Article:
Painting clouds did not only allow a way out of the aesthetic laws of perspective, but for the Dutch Protestant painters of the early modern era, it also allowed a way out of the religious law against making images of God. By painting the beauty and ferocity of cloud-forms amid a sunset or during a storm, these painters were able to represent the divinely sublime ineffable while remaining wholly within the acceptable subject-matter. Later on, the Romantic painters of the 19th century similarly wanted to depict the sublimity of clouds, yet for them, within the Death-of-God movement, this natural sublimity served as substitute rather than a reference for God.

J.M.W. Turner - Rain, Steam and Speed (1844)

Toward the end of his lecture, Peters troubled the question further regarding the relation between media and nature by showing the increasing instances of representations of human-made clouds within the last two hundred years. These included J.M.W. Turner’s 1844 painting Rain, Steam and Speed – The Great Western Railway, which reveals, through the invention of the locomotive, humanity’s capacity to produce our own clouds. These clouds, though just as shapeless and shifting as purely natural ones, can signify clear meanings, at least in regard to their agential creation. Eventually we saw images of mushroom clouds as well, and as Peters showed the audience the picture of the atomic cloud over Hiroshima, he asked, “Would we now say clouds have no meaning?” With each strand of cloud-reading and cloud-representation through history, Peters makes it clear to us how cloudy the meaning of clouds really is. Hence the polysemy of the Silicon Valley’s symbolic use of “the cloud”: though the metaphor comes from the fact that the elements of computing networks are invisible to the user, the metaphor benefits from “the cloud’s” associations with the fluffy, whimsical, eco-friendly natural world and the divine Pillar of Cloud leading the lost children through the desert, at the same as the metaphor obscures the physical clouds of pollution produced by these companies’ carbon-spewing servers and machinery.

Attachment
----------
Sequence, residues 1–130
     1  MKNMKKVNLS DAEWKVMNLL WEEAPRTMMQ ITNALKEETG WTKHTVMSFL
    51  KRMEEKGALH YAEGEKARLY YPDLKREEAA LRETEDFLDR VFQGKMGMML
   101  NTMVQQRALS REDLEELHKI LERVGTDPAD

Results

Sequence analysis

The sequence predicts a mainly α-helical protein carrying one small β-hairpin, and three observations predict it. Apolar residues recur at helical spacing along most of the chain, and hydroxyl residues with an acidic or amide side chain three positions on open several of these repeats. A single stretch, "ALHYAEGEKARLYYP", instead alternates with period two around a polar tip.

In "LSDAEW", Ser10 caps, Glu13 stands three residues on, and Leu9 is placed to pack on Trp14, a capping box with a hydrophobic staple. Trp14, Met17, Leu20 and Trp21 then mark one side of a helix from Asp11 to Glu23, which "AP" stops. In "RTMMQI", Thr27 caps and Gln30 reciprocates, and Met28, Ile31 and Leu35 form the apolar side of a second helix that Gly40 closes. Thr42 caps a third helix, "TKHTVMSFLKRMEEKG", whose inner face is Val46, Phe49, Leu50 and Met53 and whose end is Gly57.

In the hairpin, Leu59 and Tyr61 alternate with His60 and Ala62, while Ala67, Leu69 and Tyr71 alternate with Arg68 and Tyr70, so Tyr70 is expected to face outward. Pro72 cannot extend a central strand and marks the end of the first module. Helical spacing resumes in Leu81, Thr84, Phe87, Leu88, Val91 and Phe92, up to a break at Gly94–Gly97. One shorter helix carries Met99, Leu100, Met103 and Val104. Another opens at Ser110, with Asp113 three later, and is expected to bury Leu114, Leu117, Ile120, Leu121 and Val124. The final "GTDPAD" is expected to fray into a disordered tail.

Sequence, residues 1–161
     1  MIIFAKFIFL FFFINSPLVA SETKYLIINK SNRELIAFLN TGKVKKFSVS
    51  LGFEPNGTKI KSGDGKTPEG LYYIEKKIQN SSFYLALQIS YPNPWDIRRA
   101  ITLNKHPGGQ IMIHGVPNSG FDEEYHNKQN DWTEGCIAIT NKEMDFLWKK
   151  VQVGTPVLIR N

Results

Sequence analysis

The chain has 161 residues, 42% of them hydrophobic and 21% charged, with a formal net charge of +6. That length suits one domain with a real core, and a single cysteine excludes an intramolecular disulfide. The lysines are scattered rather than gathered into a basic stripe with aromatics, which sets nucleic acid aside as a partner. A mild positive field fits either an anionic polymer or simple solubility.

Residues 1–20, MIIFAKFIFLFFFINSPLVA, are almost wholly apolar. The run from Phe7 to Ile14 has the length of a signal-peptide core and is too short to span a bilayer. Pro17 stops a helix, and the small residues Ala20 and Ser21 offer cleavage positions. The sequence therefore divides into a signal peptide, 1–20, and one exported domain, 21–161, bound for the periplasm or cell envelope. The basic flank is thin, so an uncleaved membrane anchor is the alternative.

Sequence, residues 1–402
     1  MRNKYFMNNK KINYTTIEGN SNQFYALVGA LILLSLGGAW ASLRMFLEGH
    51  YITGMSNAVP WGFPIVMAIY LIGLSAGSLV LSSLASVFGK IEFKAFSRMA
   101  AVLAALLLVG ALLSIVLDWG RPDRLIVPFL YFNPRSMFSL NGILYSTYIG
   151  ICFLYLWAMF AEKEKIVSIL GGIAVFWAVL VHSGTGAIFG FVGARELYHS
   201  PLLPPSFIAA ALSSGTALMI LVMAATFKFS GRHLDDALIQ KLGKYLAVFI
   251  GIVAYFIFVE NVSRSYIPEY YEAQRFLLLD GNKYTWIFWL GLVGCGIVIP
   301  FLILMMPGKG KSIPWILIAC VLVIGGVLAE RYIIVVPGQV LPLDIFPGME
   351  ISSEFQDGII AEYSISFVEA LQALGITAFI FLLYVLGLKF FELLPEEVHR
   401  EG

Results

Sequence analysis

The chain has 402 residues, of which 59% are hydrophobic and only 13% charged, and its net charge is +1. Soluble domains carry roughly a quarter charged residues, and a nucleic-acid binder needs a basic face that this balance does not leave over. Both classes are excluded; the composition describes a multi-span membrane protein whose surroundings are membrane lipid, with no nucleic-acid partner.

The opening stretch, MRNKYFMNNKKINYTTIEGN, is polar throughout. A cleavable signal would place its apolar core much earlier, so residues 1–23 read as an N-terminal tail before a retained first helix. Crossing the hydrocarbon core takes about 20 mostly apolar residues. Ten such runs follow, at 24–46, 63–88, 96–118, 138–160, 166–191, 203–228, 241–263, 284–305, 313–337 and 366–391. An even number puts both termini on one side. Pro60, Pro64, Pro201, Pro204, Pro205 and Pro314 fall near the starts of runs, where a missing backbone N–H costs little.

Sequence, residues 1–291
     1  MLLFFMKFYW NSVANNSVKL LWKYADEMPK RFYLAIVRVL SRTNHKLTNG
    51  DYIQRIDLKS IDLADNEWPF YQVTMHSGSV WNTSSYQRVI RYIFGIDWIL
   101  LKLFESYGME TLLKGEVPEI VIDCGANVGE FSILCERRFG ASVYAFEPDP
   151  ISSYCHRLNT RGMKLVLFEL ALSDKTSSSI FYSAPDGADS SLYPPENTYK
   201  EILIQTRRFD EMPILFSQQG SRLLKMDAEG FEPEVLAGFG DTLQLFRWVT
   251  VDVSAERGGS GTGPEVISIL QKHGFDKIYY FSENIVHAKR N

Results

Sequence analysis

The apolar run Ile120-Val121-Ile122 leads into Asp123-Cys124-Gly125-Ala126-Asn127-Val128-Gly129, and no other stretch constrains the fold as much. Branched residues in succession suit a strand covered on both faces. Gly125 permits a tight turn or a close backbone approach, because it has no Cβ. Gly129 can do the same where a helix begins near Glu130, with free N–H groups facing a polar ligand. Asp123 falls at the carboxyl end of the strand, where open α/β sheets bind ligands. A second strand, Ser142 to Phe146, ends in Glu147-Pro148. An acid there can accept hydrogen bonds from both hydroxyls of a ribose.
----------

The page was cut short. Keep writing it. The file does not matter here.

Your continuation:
Finally, in perhaps the most radical shift for humanity in the representation of clouds, we are now able to look at pictures of clouds from outer space. Peters commented that what images of the Earth from outer space most immediately reveal is the Earth is a cloudy planet, and you can imagine my and everyone else’s utter delight when he then brought into this comment a reference to Joni Mitchell’s 1969 song “Both Sides Now.” In the song – written while flying in an airplane, looking down on clouds from above – Joni sings:

I’ve looked at clouds from both sides now

From up and down, and still somehow

It’s cloud illusions I recall

I really don’t know clouds at all

The more I think about this song alongside Peters’ compelling lecture – its thematic of clouds as media – the more I realize how wonderfully they go together. The song, like the lecture, passes through the various ways we interact with clouds: how we find shapes and representations of other things in their forms; how the activity of our lives are affected by them as producers of weather and environment; how these clouds begin to resonate with the most sublime, ineffable, and intimate themes to our experience, themes such as love or life or God. And yet, Joni Mitchell also reflects in her song that sometimes sad, sometimes wonderful feeling of disillusionment that comes from seeing a thing, which we once thought so familiar, as flipped on its head, made suddenly strange. After John Durham Peters’ lecture, I believe that many of us left with the feeling that we had seen clouds from both sides now, that we not only understood them and our relationship to them better than we ever had before, but that we also can now say with new confidence that we really don’t know clouds at all. This ambivalent effect exhibits Peters’ strength as a scholar and a teacher, because as he himself said, quoting one of his colleagues during the discussion following the lecture, “The point of academic study is to make the world cloudier, not clearer.”